“I came here to defend my future, the future of my children, compatriots and country”
After the success of The Square, there really wasn’t a better place than Netflix for Winter on Fire: Ukraine’s Fight for Freedom to flourish. A TIFF People’s Choice Award and Oscar nomination later and we see that to be true. Evgeny Afineevsky‘s documentary is very similar to that 2013 film because it is very much a mirror of those events. As a president begins a political takeover into dictatorship, the people of Ukraine stand up in protest at Kiev’s Independence Square (Maidan Nezalezhnosti). It’s there that the peace demonstration is met with military force so it’s 93-day duration ends up mired in blood and death before its resolution. And thanks to twenty-first century technology, we’re able to bear witness and realize the price paid for freedom.
Interspersed with footage on the ground during the good times and bad are interviews in the aftermath by those who fought. Afineevsky nicely places shots of his interviewees during the revolution before or after the present-day retelling to ensure we realize these people aren’t scholars who watched from afar and made observations through months of study. These architects, singers, doctors, and lawyers know what they’re saying because they experienced it. They were beaten with iron billysticks, ambushed by tear gas, and forced to watch as friends perished by their side. They were the ones who took a stand knowing that failure today most likely meant failure forever. If President Viktor Yanukovych didn’t relinquish his grip on the country now it would only grow tighter and permanent.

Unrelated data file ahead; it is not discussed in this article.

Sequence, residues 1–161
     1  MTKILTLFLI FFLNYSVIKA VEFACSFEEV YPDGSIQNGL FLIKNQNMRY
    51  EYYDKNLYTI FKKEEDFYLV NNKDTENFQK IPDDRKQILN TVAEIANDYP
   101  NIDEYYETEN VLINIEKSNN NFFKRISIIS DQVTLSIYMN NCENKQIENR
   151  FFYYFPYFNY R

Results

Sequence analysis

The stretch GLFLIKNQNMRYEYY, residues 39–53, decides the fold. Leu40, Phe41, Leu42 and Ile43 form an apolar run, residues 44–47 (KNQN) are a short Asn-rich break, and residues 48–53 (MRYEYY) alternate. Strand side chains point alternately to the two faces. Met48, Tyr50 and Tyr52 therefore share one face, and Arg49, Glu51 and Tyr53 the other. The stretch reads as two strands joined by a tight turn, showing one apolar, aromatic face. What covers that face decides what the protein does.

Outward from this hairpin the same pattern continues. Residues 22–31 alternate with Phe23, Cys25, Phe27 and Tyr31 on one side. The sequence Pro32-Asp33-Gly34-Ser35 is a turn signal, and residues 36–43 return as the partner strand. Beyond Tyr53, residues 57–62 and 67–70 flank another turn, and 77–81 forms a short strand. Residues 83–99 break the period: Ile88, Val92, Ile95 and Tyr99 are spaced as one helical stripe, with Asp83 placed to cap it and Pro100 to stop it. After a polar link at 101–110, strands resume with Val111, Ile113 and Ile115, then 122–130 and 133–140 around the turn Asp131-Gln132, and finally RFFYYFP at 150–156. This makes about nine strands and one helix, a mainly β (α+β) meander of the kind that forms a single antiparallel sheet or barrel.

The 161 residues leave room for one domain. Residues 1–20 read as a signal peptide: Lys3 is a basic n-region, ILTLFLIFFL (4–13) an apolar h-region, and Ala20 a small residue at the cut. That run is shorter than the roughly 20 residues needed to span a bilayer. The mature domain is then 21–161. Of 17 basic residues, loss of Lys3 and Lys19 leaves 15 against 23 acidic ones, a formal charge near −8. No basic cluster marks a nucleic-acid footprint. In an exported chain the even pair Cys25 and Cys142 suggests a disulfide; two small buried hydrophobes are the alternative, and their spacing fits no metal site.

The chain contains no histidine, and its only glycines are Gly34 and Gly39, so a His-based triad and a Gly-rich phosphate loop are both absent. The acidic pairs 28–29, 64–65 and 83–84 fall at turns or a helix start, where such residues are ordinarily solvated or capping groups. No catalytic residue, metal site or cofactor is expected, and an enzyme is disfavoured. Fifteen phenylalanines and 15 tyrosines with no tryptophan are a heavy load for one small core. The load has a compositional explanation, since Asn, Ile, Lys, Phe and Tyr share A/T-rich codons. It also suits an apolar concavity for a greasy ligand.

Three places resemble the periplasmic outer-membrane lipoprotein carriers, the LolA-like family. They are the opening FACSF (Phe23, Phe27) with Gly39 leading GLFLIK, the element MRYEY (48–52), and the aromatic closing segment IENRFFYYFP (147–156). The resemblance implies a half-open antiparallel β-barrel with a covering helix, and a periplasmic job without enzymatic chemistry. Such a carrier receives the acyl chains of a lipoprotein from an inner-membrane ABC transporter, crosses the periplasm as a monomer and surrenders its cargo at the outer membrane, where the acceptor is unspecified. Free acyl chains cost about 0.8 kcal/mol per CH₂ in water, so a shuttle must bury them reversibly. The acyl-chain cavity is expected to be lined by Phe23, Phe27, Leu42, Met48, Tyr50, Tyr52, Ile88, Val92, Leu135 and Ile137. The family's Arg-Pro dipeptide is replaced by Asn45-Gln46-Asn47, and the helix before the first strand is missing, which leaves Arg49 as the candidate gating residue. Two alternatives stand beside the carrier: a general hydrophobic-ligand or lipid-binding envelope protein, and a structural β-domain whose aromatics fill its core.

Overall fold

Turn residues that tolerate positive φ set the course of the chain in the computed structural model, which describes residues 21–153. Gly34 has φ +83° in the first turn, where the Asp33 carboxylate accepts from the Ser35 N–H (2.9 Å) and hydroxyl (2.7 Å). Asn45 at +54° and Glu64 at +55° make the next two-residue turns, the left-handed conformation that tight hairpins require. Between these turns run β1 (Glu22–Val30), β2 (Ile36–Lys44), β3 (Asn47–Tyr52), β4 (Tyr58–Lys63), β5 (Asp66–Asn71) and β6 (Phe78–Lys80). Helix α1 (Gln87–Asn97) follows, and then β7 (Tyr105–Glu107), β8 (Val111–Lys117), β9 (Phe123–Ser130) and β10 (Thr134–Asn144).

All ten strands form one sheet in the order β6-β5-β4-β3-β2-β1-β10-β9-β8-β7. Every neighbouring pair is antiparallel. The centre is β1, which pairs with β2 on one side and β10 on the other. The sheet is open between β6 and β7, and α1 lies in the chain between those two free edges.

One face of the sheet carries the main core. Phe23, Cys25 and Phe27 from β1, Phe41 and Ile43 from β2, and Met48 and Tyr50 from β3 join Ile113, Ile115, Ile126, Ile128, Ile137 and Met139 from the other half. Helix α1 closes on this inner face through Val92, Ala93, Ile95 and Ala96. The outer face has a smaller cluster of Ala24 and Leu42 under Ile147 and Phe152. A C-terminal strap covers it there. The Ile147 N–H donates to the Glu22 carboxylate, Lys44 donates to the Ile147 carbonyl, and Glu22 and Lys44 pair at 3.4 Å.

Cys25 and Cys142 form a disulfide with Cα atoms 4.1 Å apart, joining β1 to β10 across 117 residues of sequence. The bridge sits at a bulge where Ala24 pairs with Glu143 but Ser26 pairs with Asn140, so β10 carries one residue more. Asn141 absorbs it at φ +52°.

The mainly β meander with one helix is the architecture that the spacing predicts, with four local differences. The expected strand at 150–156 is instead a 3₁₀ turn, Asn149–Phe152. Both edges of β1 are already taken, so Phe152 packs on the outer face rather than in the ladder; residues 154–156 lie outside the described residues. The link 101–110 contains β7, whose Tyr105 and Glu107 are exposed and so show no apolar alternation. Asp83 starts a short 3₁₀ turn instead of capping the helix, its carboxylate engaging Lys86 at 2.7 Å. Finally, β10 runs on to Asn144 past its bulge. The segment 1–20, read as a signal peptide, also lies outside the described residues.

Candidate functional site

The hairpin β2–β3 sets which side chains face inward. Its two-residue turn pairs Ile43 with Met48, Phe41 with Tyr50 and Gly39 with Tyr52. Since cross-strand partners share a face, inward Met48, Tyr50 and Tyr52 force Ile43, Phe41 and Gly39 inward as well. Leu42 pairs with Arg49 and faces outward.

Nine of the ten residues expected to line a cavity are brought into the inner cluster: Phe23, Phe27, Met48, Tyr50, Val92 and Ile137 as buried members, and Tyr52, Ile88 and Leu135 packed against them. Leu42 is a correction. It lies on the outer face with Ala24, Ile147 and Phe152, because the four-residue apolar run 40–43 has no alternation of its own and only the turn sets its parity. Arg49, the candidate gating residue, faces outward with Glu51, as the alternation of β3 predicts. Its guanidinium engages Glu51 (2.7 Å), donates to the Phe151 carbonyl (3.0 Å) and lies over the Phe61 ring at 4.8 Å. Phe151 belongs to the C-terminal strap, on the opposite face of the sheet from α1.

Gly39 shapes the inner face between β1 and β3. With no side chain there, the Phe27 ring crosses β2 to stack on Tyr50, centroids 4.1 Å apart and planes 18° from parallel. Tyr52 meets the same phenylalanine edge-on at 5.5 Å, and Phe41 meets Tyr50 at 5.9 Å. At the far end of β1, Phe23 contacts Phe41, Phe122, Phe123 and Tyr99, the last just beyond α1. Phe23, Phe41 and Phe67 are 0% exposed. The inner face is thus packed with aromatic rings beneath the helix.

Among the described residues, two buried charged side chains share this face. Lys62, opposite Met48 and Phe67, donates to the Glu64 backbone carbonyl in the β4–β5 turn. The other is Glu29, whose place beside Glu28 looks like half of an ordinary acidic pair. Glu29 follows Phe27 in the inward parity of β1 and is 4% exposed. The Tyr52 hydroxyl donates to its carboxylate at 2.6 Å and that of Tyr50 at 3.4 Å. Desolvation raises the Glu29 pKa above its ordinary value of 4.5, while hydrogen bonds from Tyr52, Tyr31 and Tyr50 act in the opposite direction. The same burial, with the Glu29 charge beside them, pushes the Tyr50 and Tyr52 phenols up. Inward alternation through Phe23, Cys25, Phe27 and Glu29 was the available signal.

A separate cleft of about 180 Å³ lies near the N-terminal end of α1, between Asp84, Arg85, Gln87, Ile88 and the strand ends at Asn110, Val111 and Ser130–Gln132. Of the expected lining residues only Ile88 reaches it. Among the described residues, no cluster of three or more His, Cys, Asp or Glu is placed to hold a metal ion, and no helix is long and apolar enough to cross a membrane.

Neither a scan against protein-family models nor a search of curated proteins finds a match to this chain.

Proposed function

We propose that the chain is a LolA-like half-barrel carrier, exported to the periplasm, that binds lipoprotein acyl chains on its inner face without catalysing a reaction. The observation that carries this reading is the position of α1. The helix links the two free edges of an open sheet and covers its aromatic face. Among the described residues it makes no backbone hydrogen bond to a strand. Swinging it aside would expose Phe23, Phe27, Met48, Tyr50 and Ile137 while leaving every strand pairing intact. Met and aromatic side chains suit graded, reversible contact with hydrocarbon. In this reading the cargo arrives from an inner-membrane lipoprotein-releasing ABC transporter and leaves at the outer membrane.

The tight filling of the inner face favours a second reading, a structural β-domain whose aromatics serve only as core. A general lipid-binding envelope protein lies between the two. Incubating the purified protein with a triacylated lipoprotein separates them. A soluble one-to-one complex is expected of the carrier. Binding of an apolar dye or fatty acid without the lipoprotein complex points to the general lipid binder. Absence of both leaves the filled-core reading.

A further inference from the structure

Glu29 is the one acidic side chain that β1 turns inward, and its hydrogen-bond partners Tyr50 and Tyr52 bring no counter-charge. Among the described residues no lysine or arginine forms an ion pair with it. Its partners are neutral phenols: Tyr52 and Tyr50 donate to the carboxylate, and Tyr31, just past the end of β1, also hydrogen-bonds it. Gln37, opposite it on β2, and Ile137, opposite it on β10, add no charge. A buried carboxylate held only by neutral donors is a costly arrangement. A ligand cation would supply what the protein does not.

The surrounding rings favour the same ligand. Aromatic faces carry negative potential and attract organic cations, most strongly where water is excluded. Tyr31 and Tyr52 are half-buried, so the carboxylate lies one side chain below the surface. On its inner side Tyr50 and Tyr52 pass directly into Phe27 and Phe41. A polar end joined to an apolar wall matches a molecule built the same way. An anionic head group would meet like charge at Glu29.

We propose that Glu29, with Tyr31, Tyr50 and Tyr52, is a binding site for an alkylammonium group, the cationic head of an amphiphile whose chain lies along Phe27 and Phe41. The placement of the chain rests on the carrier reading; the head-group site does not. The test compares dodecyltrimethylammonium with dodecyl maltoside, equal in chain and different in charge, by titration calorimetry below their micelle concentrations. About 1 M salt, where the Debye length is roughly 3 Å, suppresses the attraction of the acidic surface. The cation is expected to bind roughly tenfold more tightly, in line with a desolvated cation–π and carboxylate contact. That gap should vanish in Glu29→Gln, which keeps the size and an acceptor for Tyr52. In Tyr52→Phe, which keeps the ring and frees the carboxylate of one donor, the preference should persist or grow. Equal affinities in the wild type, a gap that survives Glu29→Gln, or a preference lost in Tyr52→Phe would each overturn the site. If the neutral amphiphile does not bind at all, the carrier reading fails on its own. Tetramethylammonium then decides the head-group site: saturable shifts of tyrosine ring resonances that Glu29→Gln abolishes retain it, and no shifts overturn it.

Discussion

The whole ordeal’s more intriguing through the nation’s history in the lead-up to this 2014 Revolution. Told in brief as an event timeline during the opening credits—after already witnessing a glimpse of the full carnage before rewinding to Day One—we learn that Yanukovych had won his seat before. This ex-convict known to be in Russia’s back pocket found victory through corruption, however, and the people protested to overthrow him and re-stage fair elections. The Orange Revolution proved a success and the people truly believed they were free as a result. Unfortunately, Yanukovych was again voted in a decade later with new promises of joining the EU. Leading the people along, he waited until the last possible second before pulling the rug and shaking Vladimir Putin’s hand.
What this means is that the people fighting in 2014 are the children of those in 2004. They were raised under European ideals with real futures in front of them. It wasn’t necessarily their fault that Yanukovych was re-elected, but they took it upon themselves to make sure he didn’t stay. Not only this, we soon learn that they refused to bow down to the opposition political party supposedly working with their best interests in mind too. The film isn’t saying they weren’t, but politicians can only go so far. Vitali Klitschko was fighting to the best of his abilities, but it doesn’t mean Yanukovych’s regime wasn’t lying. Ukraine couldn’t survive more political stalling and the government corroborated this realization when they began remorselessly killing its opposition.